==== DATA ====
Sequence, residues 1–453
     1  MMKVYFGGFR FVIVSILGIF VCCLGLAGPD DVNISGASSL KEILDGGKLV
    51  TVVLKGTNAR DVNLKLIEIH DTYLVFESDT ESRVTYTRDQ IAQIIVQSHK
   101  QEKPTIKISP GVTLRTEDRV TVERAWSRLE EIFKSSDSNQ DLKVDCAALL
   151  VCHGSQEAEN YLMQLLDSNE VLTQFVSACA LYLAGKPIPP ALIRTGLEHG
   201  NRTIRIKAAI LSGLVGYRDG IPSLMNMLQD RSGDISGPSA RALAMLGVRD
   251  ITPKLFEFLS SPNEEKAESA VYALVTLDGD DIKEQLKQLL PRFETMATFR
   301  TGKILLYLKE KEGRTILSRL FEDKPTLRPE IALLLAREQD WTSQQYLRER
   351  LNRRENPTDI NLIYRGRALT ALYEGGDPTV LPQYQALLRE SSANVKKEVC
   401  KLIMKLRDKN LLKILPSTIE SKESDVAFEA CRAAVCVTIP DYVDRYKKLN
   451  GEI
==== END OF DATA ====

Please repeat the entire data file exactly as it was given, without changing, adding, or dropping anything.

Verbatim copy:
Sequence, residues 1–453
     1  MMKVYFGGFR FVIVSILGIF VCCLGLAGPD DVNISGASSL KEILDGGKLV
    51  TVVLKGTNAR DVNLKLIEIH DTYLVFESDT ESRVTYTRDQ IAQIIVQSHK
   101  QEKPTIKISP GVTLRTEDRV TVERAWSRLE EIFKSSDSNQ DLKVDCAALL
   151  VCHGSQEAEN YLMQLLDSNE VLTQFVSACA LYLAGKPIPP ALIRTGLEHG
   201  NRTIRIKAAI LSGLVGYRDG IPSLMNMLQD RSGDISGPSA RALAMLGVRD
   251  ITPKLFEFLS SPNEEKAESA VYALVTLDGD DIKEQLKQLL PRFETMATFR
   301  TGKILLYLKE KEGRTILSRL FEDKPTLRPE IALLLAREQD WTSQQYLRER
   351  LNRRENPTDI NLIYRGRALT ALYEGGDPTV LPQYQALLRE SSANVKKEVC
   401  KLIMKLRDKN LLKILPSTIE SKESDVAFEA CRAAVCVTIP DYVDRYKKLN
   451  GEI